This year is no different. We’re apart but together, mourning but celebrating, unleavened and yet, we hope, on the rise. Hag sameach, and good luck playing.
Someone has hidden the afikomen. But who? And how? And where? To find it—and win this game—you must find the answers!
1 game host and 3–6 players or teams
Everyone must be on a common video call, such as Zoom or FaceTime. The game host and each player or team must have a phone or other way to receive texts. Every player or team must have the others’ contact information, in order to text one another.
For the host: an envelope, 21 cards, and a player/team card pile. Print/cut out in advance. (See below.)
For each player: a notebook sheet. Printout optional. Can be done via a notes app.
1. The game host sorts the cards into three groups: Suspects, Methods, and Locations. Shuffle each group. Unseen by others, pick one card from each group and put it in the envelope. This now contains the answers to the questions: Who hid the afikomen? How? And where?
2. The game host shuffles together the remaining cards. Then, still unseen by others, “deals” them in rounds to each player or team by placing them atop their designated space on the player/team sheet. (It doesn’t matter if some players or teams have more cards than others.)
3. The game host texts each player or team their cards.
4. Players or teams mark the cards they received on their notebook sheet (for example, with an asterisk). Be sure to mark your cards so you can distinguish them from information you receive in the game.
5. Because the cards are in your hand, they can’t be in the game host’s envelope—which means none of your cards were involved in hiding the afikomen!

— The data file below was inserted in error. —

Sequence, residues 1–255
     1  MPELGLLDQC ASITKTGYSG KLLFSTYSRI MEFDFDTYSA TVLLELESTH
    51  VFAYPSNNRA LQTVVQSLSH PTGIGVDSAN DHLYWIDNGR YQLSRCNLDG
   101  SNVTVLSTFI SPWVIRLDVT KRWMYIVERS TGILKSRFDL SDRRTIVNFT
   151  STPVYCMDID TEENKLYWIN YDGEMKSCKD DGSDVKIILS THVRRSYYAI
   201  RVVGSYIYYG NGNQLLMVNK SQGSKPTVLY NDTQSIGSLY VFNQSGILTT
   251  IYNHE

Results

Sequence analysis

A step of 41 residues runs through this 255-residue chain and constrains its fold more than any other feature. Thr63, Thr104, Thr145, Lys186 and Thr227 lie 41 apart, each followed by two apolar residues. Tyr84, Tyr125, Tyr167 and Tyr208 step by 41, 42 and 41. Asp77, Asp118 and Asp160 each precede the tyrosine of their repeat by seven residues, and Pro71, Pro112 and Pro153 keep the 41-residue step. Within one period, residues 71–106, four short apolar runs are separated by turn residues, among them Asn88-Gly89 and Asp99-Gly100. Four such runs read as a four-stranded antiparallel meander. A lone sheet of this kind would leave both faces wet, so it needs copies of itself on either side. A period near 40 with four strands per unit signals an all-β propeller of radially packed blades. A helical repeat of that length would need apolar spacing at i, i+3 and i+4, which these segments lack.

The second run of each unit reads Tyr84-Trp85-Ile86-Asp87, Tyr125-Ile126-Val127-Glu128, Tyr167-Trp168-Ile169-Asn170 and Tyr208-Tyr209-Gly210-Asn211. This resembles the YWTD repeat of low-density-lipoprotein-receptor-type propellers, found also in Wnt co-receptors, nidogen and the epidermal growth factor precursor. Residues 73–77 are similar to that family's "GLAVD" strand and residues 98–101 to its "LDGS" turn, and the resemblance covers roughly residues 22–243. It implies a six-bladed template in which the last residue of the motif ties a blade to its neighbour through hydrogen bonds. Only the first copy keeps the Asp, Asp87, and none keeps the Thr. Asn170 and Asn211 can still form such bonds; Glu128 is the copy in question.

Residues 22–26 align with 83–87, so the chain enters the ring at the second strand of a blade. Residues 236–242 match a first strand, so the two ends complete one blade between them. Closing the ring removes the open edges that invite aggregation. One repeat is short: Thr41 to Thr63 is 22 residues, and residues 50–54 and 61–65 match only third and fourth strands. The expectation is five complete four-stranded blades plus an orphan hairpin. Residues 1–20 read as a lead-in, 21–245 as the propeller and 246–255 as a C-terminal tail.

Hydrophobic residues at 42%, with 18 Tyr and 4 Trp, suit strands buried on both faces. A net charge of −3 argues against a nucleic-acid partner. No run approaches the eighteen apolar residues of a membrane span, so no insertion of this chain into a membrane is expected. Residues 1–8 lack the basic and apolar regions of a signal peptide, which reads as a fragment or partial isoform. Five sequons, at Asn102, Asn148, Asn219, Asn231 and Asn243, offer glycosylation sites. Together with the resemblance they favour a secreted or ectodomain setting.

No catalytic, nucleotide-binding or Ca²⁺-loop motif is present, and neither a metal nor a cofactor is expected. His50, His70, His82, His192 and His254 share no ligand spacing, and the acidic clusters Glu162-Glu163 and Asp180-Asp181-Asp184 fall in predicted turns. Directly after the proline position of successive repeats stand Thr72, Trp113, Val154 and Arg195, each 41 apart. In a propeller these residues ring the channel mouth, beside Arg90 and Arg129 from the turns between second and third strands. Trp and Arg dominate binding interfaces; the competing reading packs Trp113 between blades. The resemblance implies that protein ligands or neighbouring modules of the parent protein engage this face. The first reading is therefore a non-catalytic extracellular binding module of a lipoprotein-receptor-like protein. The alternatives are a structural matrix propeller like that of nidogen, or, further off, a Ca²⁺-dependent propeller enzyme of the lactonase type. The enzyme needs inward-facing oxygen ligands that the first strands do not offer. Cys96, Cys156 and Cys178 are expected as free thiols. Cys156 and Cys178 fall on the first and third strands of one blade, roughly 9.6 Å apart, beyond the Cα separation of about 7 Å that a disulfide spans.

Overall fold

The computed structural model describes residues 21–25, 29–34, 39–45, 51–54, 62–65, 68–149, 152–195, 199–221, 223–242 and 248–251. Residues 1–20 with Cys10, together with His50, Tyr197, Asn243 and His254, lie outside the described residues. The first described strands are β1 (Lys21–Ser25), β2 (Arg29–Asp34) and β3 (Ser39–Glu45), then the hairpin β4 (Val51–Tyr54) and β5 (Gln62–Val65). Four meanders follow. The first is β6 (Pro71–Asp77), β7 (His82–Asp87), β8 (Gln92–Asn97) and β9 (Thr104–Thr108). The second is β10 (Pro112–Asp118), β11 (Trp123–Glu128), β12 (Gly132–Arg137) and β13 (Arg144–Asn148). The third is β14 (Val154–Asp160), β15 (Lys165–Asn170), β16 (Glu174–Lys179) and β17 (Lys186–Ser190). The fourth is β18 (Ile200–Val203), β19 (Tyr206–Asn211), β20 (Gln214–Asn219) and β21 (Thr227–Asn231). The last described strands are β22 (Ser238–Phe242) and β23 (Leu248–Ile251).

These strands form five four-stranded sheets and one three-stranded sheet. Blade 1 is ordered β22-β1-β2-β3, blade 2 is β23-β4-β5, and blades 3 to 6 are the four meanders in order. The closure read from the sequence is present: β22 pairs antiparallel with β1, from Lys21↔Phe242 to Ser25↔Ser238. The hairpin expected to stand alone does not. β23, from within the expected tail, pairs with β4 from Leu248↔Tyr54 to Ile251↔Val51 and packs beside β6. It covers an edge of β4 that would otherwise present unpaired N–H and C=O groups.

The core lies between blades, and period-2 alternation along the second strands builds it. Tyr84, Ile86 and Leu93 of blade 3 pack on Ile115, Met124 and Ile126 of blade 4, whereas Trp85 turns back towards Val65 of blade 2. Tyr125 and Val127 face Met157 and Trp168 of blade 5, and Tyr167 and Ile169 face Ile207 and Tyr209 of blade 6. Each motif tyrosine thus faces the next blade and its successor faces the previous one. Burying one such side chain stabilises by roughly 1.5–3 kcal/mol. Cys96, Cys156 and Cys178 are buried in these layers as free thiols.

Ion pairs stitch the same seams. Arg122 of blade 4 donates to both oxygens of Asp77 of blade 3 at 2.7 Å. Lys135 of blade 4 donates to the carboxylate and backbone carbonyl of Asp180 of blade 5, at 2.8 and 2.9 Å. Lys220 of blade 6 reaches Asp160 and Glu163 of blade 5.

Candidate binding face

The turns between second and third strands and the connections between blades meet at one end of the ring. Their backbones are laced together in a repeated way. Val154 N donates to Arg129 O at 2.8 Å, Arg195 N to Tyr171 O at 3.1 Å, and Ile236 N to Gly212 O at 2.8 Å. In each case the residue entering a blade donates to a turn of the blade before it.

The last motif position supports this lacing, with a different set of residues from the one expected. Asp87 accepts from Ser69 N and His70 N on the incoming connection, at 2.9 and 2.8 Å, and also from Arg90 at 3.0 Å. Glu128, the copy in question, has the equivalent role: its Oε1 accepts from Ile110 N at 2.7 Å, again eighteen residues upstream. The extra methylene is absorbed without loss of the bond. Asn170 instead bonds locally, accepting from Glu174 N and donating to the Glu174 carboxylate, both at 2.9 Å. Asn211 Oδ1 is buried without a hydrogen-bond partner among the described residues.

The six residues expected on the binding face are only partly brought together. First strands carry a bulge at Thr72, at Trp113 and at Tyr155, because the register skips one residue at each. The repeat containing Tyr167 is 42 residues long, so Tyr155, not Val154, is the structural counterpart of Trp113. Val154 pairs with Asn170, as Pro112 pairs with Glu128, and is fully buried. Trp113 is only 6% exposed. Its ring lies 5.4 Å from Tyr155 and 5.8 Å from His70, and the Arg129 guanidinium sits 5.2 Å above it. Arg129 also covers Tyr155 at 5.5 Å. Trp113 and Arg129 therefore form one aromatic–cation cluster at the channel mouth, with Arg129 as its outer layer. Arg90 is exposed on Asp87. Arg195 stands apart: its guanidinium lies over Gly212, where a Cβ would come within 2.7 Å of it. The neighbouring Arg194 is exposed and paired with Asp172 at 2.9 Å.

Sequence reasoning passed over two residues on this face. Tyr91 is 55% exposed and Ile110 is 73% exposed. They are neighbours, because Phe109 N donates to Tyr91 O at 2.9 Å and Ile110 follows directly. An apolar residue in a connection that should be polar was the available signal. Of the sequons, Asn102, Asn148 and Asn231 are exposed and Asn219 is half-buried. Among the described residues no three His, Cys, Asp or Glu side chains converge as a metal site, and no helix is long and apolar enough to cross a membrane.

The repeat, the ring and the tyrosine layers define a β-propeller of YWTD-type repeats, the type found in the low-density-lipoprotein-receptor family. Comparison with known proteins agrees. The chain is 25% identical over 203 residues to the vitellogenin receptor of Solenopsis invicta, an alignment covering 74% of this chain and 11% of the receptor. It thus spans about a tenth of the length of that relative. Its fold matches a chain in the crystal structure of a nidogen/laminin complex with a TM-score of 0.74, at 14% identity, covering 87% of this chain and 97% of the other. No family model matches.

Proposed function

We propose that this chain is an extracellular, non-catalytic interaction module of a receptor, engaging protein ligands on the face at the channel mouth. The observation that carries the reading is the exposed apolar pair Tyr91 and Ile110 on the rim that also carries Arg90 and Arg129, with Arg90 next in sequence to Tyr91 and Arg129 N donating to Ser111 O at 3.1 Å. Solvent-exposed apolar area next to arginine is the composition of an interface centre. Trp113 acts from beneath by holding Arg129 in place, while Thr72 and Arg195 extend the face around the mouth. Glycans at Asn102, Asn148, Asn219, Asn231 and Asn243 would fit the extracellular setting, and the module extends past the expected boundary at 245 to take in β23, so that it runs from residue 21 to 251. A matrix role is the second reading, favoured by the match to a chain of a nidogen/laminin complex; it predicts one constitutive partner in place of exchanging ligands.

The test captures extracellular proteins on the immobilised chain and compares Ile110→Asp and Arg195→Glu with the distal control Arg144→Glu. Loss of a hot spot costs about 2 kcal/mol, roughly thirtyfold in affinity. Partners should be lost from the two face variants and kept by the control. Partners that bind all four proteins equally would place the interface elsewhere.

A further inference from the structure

1. Players or teams take turns in order by age, youngest to oldest.
2. On your turn, you make a suggestion. By making suggestions throughout the game, you try to determine—by process of elimination—which three cards are in the game host’s envelope. Example: “I suggest the afikomen was hidden by Uncle Al under the couch cushions!”
3. You make your suggestion to a specific opponent. That opponent looks at their cards to see if they have one or more of the cards you just named. If they do, they say “False” and text one of the cards that they have to you. Example: “Uncle Al.” All players or teams hear if a suggestion is proven false. But only you get the text. If the opponent you asked has none of the cards you named, they say, “I have no information.” Then you make the same suggestion to a new opponent. As soon as one opponent texts you information, it is proof that your suggestion is false. End your turn by checking off the card you received in your notebook. (You may find it helpful to mark the initials of the players or team who texted you the card.) If no one is able to prove your suggestion false, you may either end your turn or make an accusation.
4. When you think you’ve figured out which three cards are in the game host’s envelope, you may, on your turn, make an accusation. Example: “I accuse Rabbi Franklin of hiding the afikomen crumbled around the house plant.” The game host then checks the envelope. Important: You may make only one accusation during a game. If your accusation is incorrect in any way, you cannot go again, and therefore cannot win. You do continue to try to prove opponents’ suggestions false by texting cards when asked. You win the game if your accusation is completely correct. When this happens, the game host takes out all three cards and shows them for everyone to see.
5. A tip: When you make a suggestion, you may name one or more of the cards that you hold in your own hand. You might want do this to gain information or mislead your opponents.
The notebook sheet can be texted to all players at the beginning of the game. Or it can be shared and printed in advance. The game host should print and cut out the cards in advance. Yes, Grandparent, Pet, and Baby are locations, not suspects. Because that’s funnier.